Mary Babson Fuhrer is a public historian who specializes in the social history of New England. She has a B.A. in History from Princeton, an M.A. in Public History from George Mason University, and a Ph.D. in American History from the University of New Hampshire.
Her book, A Crisis of Community: The Trials and Transformation of a New England Town, 1815-1848 (University of North Carolina Press), was awarded the inaugural Peter J. Gomes Memorial Book Prize in 2015 by the Massachusetts Historical Society.
Mary’s professional experience has focused on recovering the everyday life of New England’s folk and helping others use primary source evidence such as letters, diaries, vital, church and town records, tax valuations, wills, deeds, and material culture to tell stories from the past. She provides research and programs as a consulting historian for historical and humanities associations. In 2014, Massachusetts Foundation for the Humanities awarded her the Massachusetts History Commendation for “extensive work in Massachusetts history over the past two decades, [which] has improved the interpretation of history for numerous organizations and countless individuals.” Mary is an elected Fellow of the American Antiquarian Society.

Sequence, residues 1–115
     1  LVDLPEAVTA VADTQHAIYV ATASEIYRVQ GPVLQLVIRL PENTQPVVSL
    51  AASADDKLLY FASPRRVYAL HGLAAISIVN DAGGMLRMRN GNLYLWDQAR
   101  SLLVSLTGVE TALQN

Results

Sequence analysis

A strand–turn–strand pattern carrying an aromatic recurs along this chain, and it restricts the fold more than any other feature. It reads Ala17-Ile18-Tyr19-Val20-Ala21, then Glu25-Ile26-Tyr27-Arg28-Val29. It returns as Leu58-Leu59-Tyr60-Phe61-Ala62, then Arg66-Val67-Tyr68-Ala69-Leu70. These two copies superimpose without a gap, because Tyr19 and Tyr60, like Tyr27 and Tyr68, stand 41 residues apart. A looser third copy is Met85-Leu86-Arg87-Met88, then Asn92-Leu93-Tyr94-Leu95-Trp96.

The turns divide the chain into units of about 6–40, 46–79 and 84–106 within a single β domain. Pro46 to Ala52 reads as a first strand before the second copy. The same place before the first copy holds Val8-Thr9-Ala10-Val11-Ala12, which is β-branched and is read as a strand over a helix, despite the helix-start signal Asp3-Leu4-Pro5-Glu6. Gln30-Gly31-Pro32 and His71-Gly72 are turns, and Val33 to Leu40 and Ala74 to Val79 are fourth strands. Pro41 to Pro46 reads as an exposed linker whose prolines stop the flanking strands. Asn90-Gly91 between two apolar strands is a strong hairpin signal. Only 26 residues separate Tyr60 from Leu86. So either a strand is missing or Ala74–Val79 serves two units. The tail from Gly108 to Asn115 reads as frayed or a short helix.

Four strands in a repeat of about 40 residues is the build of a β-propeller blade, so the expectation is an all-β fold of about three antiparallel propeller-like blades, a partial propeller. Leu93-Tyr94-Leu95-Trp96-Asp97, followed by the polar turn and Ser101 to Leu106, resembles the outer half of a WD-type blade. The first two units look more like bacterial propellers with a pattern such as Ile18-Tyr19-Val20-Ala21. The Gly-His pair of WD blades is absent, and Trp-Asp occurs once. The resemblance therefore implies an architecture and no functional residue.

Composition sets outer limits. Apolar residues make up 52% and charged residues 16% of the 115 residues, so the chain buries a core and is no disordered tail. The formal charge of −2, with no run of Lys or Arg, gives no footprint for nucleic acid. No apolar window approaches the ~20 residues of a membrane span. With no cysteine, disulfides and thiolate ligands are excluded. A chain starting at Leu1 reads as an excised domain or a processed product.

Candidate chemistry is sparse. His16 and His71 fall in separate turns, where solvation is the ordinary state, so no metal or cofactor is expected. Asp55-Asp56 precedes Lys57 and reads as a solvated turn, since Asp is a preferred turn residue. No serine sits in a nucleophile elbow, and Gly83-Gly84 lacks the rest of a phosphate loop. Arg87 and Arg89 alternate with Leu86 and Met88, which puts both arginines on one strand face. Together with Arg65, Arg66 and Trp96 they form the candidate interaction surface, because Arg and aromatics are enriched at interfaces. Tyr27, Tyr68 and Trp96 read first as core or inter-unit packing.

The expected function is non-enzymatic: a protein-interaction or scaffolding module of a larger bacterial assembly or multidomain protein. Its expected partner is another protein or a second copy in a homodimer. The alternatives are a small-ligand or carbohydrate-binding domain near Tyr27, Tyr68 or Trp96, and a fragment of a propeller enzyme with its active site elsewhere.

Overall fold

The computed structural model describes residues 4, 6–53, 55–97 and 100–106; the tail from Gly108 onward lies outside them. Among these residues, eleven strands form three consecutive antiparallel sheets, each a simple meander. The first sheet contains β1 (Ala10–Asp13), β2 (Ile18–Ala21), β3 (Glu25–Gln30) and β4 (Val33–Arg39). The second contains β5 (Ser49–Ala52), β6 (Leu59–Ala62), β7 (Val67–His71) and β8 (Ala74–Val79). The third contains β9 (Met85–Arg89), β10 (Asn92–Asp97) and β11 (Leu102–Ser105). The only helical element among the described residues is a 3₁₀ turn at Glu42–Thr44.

Mary’s current research focuses on the relationship between the “White Plague” of tuberculosis and popular culture in the first half of the 19thc century in New England. She has received support for this project from the Massachusetts Historical Society, the American Antiquarian Society, and the New England Regional Consortium Fellowship.
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